New Jersey’s Cellphone-Use & Texting-While-Driving Laws

Read about New Jersey’s distracted driving laws and the costs of a texting or cellphone ticket.

New Jersey’s distracted driving laws generally prohibit all motorists from talking on a handheld cellphone or text messaging while driving. This article discusses the specifics of what the laws prohibit and the costs and other consequences of a texting or cellphone violation.

Talking on the Phone and Texting

New Jersey’s distracted driving laws are fairly straightforward: It’s generally illegal for all drivers to talk on a cellphone or text message while driving unless the phone or device is in hands-free mode. And even when a device is used in hands-free mode, its placement can’t interfere with the operation of federally required safety equipment, and the driver must exercise a high degree of caution for the use to be lawful.

Exceptions. New Jersey’s texting and cellphone ban has a few exceptions. A driver is permitted to use one hand to make a call if the driver:

  • has reason to fear for his life or safety or believes that a crime may be perpetrated against a person, or
  • makes a call to report some sort of emergency, including an unsafe or intoxicated driver.

Fines, points, and license suspension. The fines for distracted driving violations are $200 to $400 for a first offense, $400 to $600 for a second violation, and $600 to $800 for a third or subsequent violation. For a third or subsequent violation, three points will be assessed to the person’s driving record, and the judge has the option of suspending the person’s license for up to 90 days. (Only violations that occurred within ten years of the most current offense are counted.)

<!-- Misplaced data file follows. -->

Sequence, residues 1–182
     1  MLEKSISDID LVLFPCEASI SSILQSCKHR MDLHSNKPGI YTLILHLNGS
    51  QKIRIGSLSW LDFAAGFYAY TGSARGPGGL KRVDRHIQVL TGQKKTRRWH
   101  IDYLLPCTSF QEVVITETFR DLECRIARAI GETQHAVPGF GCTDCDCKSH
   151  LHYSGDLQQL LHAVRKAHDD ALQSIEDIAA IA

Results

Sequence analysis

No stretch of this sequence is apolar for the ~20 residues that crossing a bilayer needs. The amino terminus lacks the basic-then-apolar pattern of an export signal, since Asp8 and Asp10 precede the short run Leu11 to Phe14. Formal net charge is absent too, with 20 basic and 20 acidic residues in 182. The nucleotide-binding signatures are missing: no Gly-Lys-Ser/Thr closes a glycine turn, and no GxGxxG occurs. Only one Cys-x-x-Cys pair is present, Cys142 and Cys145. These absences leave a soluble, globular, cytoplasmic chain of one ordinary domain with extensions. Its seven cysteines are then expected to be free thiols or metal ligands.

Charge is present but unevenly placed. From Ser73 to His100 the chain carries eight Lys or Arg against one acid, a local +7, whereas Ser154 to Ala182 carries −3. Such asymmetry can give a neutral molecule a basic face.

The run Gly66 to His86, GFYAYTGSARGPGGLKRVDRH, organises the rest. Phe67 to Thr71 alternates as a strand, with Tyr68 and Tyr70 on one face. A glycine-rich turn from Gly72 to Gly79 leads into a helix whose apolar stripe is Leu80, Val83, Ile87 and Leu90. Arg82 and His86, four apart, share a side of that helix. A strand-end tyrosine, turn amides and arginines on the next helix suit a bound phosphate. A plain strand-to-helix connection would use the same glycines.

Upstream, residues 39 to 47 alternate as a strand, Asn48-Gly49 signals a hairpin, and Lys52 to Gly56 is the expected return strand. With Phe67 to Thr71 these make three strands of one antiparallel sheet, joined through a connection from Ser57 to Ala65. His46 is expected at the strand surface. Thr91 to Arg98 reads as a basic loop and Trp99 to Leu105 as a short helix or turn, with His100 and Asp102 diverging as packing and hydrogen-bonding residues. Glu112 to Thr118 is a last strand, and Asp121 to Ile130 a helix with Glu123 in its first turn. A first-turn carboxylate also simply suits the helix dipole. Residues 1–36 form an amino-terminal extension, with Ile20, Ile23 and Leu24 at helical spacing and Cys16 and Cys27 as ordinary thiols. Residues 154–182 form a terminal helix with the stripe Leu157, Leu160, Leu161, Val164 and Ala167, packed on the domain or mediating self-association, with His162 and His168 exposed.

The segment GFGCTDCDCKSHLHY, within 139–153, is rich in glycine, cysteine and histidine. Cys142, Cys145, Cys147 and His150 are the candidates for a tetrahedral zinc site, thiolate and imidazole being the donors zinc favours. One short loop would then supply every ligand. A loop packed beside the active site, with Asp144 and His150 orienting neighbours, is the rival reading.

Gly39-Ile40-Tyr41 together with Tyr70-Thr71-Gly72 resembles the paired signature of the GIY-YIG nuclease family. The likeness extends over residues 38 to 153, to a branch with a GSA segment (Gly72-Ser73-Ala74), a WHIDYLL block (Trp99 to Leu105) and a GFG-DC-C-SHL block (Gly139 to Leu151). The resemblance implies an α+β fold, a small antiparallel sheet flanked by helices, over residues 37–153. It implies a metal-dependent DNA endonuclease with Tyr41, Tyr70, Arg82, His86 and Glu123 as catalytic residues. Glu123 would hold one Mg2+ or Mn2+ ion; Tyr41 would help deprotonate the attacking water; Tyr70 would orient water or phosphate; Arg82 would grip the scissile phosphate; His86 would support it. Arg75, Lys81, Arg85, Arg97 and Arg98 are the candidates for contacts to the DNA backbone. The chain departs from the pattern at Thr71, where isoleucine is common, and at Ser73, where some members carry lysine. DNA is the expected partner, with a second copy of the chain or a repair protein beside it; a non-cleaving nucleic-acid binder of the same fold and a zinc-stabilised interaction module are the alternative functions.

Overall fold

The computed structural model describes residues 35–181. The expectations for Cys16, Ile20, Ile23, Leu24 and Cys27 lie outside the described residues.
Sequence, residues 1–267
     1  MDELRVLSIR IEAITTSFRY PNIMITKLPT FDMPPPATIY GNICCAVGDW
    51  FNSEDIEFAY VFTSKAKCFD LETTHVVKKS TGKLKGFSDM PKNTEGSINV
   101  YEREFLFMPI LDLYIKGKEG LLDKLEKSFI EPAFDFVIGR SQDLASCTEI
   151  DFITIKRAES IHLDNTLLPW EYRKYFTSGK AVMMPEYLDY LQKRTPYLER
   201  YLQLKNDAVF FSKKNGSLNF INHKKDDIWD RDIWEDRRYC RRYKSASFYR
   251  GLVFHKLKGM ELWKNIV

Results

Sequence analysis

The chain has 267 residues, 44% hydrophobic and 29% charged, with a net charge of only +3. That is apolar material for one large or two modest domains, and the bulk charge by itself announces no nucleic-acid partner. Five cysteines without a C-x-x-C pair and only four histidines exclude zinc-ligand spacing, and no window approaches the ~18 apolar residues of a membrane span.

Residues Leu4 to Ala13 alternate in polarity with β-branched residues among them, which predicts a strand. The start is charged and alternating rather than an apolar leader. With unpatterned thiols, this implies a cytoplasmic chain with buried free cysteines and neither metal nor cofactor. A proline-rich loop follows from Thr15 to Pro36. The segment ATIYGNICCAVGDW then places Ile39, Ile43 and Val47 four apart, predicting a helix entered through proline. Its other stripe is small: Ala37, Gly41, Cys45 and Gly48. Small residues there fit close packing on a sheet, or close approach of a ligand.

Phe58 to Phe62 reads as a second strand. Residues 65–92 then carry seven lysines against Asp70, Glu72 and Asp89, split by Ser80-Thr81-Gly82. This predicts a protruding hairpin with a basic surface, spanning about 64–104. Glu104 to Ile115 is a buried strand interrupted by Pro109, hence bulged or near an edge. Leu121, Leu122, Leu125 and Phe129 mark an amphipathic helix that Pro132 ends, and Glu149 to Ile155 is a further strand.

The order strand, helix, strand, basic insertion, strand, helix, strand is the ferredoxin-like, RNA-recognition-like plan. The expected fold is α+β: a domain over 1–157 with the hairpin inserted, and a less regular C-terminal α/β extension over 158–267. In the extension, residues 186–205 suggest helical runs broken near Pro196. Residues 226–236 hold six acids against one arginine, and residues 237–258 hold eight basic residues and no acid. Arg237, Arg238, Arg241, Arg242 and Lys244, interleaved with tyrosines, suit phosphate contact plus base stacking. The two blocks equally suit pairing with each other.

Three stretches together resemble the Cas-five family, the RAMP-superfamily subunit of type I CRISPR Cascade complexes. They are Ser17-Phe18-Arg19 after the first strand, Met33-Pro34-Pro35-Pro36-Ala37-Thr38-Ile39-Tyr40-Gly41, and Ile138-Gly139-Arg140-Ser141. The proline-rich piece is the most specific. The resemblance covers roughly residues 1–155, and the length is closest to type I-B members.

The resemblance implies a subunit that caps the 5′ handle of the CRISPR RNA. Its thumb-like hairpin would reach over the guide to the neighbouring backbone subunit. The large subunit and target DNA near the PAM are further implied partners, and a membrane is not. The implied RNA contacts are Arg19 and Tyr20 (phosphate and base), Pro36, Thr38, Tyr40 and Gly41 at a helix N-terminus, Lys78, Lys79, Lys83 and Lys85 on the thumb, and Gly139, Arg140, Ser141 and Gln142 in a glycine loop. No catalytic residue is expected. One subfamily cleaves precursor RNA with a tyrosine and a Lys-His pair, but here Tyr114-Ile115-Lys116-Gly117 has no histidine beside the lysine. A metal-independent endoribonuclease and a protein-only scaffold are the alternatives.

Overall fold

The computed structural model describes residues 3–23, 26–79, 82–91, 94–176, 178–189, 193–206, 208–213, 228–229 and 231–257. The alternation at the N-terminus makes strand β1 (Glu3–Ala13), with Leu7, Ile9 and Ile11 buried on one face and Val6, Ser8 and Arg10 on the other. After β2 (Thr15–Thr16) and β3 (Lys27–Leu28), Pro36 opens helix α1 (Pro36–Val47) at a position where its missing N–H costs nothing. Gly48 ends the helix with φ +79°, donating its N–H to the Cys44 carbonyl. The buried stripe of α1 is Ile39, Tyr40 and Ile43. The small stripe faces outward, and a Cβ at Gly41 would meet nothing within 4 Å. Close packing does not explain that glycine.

Public Transportation Drivers

Public transportation drivers are also prohibited from talking on the phone and text messaging while driving. However, the restriction applies to handheld and hands-free device use alike.

Exceptions. The public transportation texting and cellphone ban doesn’t apply:

  • in the event of an emergency
  • when radio communication failures occur, or
  • when the wireless device is used in hands-free mode while operating paratransit service and radio communication is not available.

Penalties. A public transportation cellphone or texting violation is a disorderly persons offense. Convicted drivers face up to six months in jail and a maximum $1,000 fine.

Other Possible Charges

Depending on the circumstances, a texting or cellphone violation could also lead to a reckless driving conviction. And if one of these violations results in the death of another person, vehicular homicide charges are a possibility.

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